Abstract: Nitroxyl (HNO) exhibits unique pharmacological properties that often oppose those of nitric oxide (NO), in part due to differences in reactivity toward thiols. Prior investigations suggested that the end products arising from the association of HNO with thiols were condition-dependent, but were inconclusive as to product identity. We therefore used HPLC techniques to examine the chemistry of HNO with glutathione (GSH) in detail. Under biological conditions, exposure to HNO donors converted GSH to both the sulfinamide [GS(O)NH2] and the oxidized thiol (GSSG). Higher thiol concentrations generally favored a higher GSSG ratio, Suggesting that the products resulted from competitive consumption of a single intermediate (GSNHOH). Formation of GS(O)NH2 was not observed with other nitrogen oxides (NO, N2O3 NO2, or ONOO-), indicating that it is a unique product of the reaction of HNO with thiols. The HPLC assay was able to detect submicromolar concentrations of GS(O)NH2. Detection of GS(O)NH2 was then used as a marker for HNO production from several proposed biological pathways, including thiol-mediated decomposition of S-nitrosothiols and peroxidase-driven oxidation of hydroxylamine (an end product of the reaction between GSH and HNO) and N-G-hydroxy-L-arginine (an NO synthase intermediate). These data indicate that free HNO can be biosynthesized and thus may function as an endogenous signaling agent that is regulated by GSH content.

Discriminating formation of HNO from other reactive nitrogen oxide species

LAZZARINO, Giuseppe;
2006

Abstract

Abstract: Nitroxyl (HNO) exhibits unique pharmacological properties that often oppose those of nitric oxide (NO), in part due to differences in reactivity toward thiols. Prior investigations suggested that the end products arising from the association of HNO with thiols were condition-dependent, but were inconclusive as to product identity. We therefore used HPLC techniques to examine the chemistry of HNO with glutathione (GSH) in detail. Under biological conditions, exposure to HNO donors converted GSH to both the sulfinamide [GS(O)NH2] and the oxidized thiol (GSSG). Higher thiol concentrations generally favored a higher GSSG ratio, Suggesting that the products resulted from competitive consumption of a single intermediate (GSNHOH). Formation of GS(O)NH2 was not observed with other nitrogen oxides (NO, N2O3 NO2, or ONOO-), indicating that it is a unique product of the reaction of HNO with thiols. The HPLC assay was able to detect submicromolar concentrations of GS(O)NH2. Detection of GS(O)NH2 was then used as a marker for HNO production from several proposed biological pathways, including thiol-mediated decomposition of S-nitrosothiols and peroxidase-driven oxidation of hydroxylamine (an end product of the reaction between GSH and HNO) and N-G-hydroxy-L-arginine (an NO synthase intermediate). These data indicate that free HNO can be biosynthesized and thus may function as an endogenous signaling agent that is regulated by GSH content.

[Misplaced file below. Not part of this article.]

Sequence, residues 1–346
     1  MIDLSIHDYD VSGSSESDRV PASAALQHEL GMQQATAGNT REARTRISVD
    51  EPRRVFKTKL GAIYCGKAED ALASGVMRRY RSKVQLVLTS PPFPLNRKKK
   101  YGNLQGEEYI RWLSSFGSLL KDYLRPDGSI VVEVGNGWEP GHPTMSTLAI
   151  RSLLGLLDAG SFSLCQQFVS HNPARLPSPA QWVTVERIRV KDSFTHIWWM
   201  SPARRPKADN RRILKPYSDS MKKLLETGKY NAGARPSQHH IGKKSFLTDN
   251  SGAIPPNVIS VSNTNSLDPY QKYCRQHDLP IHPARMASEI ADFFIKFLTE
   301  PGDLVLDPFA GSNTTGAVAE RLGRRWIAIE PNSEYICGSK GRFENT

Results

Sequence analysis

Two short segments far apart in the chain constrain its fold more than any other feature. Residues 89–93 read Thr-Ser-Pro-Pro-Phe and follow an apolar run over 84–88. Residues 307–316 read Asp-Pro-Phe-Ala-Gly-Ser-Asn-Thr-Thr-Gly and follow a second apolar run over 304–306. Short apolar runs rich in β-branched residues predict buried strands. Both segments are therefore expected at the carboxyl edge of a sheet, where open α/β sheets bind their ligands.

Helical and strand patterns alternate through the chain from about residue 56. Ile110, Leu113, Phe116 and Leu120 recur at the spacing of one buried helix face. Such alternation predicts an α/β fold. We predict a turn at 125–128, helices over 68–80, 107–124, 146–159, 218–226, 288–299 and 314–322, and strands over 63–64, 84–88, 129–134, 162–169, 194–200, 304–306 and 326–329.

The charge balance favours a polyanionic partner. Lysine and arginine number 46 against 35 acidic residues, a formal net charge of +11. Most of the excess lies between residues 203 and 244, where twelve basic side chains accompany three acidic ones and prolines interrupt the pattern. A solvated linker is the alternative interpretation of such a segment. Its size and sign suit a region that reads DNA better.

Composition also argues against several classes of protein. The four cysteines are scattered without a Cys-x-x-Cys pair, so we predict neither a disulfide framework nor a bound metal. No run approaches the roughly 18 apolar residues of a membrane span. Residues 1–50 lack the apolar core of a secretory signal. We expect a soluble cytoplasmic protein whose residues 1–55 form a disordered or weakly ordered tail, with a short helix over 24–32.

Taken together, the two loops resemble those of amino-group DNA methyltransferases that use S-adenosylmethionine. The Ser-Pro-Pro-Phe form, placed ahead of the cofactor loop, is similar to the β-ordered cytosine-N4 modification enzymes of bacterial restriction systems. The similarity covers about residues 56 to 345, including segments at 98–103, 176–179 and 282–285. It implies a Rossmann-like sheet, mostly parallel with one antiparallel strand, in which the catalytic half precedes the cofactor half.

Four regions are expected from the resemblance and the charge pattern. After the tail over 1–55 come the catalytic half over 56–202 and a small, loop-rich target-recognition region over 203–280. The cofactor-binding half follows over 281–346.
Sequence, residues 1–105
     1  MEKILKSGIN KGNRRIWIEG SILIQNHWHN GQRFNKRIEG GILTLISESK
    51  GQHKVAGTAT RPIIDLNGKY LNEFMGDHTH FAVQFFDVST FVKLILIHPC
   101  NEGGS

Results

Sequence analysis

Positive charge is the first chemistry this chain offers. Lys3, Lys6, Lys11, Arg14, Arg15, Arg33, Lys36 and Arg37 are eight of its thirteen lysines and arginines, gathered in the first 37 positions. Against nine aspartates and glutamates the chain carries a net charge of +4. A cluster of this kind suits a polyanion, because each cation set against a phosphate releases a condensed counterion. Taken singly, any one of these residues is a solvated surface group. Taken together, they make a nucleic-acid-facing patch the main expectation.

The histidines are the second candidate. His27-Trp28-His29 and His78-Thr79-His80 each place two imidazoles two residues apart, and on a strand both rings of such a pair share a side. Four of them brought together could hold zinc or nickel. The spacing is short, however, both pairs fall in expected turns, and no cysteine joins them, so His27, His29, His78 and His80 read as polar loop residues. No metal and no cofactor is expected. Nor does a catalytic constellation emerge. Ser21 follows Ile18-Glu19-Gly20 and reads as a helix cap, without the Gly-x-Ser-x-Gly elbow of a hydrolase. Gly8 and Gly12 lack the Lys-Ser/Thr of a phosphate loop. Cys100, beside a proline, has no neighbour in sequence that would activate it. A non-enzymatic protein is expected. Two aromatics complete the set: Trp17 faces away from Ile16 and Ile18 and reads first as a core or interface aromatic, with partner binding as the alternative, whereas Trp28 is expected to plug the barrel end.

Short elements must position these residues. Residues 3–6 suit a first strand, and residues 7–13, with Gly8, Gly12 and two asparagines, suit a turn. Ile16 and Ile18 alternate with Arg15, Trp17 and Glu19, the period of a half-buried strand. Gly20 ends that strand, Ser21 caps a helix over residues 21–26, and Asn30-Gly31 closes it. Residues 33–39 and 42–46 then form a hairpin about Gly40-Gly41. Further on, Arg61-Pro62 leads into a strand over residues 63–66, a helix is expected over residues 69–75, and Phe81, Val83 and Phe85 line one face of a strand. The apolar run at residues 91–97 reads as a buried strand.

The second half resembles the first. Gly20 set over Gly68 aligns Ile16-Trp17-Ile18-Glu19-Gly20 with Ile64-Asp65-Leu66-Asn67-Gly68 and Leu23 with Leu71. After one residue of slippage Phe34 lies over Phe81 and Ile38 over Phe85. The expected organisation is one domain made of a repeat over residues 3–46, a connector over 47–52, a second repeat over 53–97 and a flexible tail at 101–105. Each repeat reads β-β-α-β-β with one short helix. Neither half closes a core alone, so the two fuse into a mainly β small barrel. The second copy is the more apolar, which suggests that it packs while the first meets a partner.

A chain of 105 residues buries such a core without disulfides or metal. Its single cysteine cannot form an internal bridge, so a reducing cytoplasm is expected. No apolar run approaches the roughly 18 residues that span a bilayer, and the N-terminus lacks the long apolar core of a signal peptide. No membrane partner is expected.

nitroxyl; nitric oxide; Angeli's salt; IPA/NO; glutathione; sulfinamide; thiol; S-nitrosothiol; hydroxylamine ; HPLC; free radicals ; N-G-hydroxy-L-arginine
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Utilizza questo identificativo per citare o creare un link a questo documento: https://hdl.handle.net/20.500.11769/37507
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